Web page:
Then just act super casual, like it's no big deal and "hey all 4 year olds eat seafood, chill out man", and see if your little one digs in..

Sunday, 14 August 2011


Pretty much the perfect Sunday today. A picnic in the park (where we seemed to bump into everyone we knew so felt very popular)....

....followed by picking blackberries from the ridiculously wild bramble that has taken over the side of our garden. This is where my laissez faire approach to gardening has really paid off. We managed to get over half a kilo today and I'd say there's about another kilo still to ripen!

Now I just have to decide what to do with them all...any great blackberry recipes you guys know of? So far I'm most excited by blackberry ripple ice cream. Actually that's a lie. Honestly I am most excited about making blackberry gin!

Sunday, 7 August 2011

The Cosy Club

Went here for the first time last night- the newly opened Cosy Club in Bath's Southgate district. Having heard good things about it, and already being a fan of their other bar in Bath 'The Velo Lounge', we were very excited to give it a try. Mostly I was keen to get my hands on their tapas menu and enjoy a nice cold glass of Sauvignon Blanc on the balcony terrace, which overlooks the streets below so is an excellent people-watching spot!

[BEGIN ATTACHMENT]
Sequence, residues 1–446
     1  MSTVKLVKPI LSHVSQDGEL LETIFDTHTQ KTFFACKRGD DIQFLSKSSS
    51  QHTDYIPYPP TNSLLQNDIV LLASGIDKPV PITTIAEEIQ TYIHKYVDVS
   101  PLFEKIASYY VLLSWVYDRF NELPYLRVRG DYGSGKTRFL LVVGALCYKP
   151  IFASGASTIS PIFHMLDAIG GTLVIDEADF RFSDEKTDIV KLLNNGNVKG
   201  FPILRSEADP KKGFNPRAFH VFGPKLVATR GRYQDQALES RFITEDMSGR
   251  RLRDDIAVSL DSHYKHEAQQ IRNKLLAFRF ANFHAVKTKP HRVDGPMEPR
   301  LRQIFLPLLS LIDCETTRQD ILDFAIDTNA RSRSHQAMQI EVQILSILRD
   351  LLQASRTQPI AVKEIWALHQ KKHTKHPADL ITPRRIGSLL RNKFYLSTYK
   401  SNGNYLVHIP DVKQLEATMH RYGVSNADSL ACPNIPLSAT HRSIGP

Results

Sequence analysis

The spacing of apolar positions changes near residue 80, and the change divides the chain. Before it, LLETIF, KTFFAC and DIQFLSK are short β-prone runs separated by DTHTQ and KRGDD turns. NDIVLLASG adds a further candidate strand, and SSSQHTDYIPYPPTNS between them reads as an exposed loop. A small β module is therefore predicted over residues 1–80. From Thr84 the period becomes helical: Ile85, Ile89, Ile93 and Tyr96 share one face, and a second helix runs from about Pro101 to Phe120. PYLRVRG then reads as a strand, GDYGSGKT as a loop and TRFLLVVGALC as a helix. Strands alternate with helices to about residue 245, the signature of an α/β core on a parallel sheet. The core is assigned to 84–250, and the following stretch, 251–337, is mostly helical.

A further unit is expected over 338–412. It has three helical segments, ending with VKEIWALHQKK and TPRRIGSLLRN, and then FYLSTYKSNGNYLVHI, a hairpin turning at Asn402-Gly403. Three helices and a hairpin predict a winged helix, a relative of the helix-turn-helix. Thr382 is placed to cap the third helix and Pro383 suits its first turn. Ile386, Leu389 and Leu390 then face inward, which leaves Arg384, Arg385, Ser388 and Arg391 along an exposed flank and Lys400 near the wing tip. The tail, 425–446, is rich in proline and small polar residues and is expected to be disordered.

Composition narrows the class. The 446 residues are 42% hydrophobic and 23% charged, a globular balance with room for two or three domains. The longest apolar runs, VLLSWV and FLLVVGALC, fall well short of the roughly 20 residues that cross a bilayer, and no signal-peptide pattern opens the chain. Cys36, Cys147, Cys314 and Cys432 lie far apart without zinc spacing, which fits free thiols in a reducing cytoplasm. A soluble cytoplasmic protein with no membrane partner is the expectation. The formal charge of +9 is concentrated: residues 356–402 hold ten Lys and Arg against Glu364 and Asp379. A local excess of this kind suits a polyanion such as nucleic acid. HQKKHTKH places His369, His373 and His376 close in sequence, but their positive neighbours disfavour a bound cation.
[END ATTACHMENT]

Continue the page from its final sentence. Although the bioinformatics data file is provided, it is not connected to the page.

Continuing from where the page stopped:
There is a good selection of tapas (aswell as other mains on the menu such as burgers, salads and pasta dishes) and you can choose three dishes for £8 which is, I think, very good value.

FYI if you go on a "Tapas Tuesday" you also get a free glass of wine!

Some of our choices included chorizo cooked in garlic and red wine, slow cooked five-spice pork belly, minted peas with feta and spring onions, and crayfish tails in a chilli tomato sauce. YUM!

After our food we moved inside for some cocktails. I have to say the decor is one of the best things about this place-an eclectic mix of colours and textures, with oil paintings on the walls, mismatched cushions on the bar stools and Victorian lampshades hanging over the gorgeous bar.

Did I mention the delicious raspberry margherita? It was...well, delicious. I came for the food, but it may just be this new cocktail discovery that keeps me coming back...